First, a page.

Like many in the healthcare dining field in management positions, Sodexo’s SVP of North America Seniors Arthur B. Silva has begun to travel for business again, visiting different senior dining accounts across the country. He’s found that in this hopeful phase of the pandemic, it seems no two senior living facilities are handling things the same way. That means senior leadership is meeting each location where they are.
“We’ve decided to work with our clients and their county’s requirements, following guidelines to meet their needs,” says Silva, who was preparing to travel to Miami from his home-base in the Dallas area last week.
While some facilities in higher-risk areas are using temperature-taking and even Covid-testing checkpoints throughout, others where restrictions are being lifted are getting busy opening up dining areas and bistros, while still offering mobile ordering, delivery and other changes brought on by the pandemic that are probably here to stay due to customer demand.
“Some clients are doing everything they can to bring back their venues,” Silva says. “Some have spent money to renovate during the pandemic, and they want to see residents back. They’re been really coming to us for help to increase resident participation.”
At one senior living community in Virginia, Silva recommended a live testimonial shown on the community’s streaming TV channel. “I said, ‘Let’s film residents walking through their dining venue, and show it from a hospitality, cleanliness and food standpoint,” he says.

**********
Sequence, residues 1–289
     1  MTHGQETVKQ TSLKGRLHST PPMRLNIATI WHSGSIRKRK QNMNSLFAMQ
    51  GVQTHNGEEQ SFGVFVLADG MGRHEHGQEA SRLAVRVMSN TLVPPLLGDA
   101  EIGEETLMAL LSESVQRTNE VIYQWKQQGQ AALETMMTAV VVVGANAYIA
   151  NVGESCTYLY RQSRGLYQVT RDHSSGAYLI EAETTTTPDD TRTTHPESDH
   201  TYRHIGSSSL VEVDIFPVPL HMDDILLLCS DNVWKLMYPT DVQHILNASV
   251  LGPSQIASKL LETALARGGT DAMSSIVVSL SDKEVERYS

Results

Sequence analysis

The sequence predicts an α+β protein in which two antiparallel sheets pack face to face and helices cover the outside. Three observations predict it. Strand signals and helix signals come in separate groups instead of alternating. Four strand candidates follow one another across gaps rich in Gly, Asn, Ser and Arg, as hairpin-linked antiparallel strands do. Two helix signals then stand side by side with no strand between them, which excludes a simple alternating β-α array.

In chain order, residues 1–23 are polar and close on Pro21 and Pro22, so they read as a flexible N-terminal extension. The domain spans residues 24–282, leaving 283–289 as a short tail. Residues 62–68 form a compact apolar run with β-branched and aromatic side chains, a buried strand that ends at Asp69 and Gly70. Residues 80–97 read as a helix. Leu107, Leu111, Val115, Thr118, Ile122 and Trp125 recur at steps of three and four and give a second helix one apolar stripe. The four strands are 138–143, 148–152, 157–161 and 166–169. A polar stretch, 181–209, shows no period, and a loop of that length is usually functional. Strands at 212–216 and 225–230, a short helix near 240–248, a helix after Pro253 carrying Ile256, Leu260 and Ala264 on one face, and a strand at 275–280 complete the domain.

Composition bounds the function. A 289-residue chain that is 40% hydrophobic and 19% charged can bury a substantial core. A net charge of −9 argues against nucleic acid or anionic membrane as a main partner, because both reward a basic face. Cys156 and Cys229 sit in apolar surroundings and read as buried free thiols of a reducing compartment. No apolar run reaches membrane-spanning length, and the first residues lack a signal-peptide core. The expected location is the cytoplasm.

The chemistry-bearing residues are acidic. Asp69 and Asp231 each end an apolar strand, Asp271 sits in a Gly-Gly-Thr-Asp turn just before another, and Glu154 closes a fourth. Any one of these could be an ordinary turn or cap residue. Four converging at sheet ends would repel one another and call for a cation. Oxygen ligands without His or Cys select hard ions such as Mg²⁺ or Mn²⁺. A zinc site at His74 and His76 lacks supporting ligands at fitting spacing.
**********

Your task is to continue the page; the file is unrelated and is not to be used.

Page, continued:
Silva emphasizes that when senior dining teams communicate with their residents, it’s important to “let them speak their mind about their fears of the process and that’s okay.”
Some of the conveniences and virtual aspects accelerated by the pandemic are here to stay, Silva predicts, but won’t be a replacement for in-person life. “Delivery, virtual happy hours and fun carts are great, but they’re no longer enough,” he says.
Plus, those conveniences are really more focused on independent living residents, Silva says, not the memory care population.
“They are the population that pays the most and gets the least,” he says. “And those people didn’t have their family members able to visit during the pandemic; some were room-bound. That’s where we should spend more time and innovation.”
At one facility, “I experienced my entire staff dressed up like a circus, with balloons, dogs and clowns juggling oranges…just so our residents could look out their door and see something different,” Silva says, illustrating the extra-mile aspect of the industry.
Finding employees to go that extra mile is getting increasingly difficult, though. The biggest challenge in the immediate, near and distant future is likely to be labor, Silva says. “The work force we have today—some are collecting [unemployment] and working two or three jobs, but not full-time, so we have get very creative with scheduling, like offering 4-hour shifts.” Still, “it’s difficult to hire and difficult to retain good people.”
As a solution for facilities finding themselves short-staffed, Silva and the team developed an instructional video teaching three “emergency meals” that anyone can prepare when no one’s in the kitchen except for one director, for example.
“It’s not ‘how to cook,’ per se, but how to use the equipment,” he says.
Solutions like this will help the industry keep moving, until we see what the “next normal” will look like, Silva sums up. “No one knows yet what the next normal is going to look like. We have to look at every operation individually.”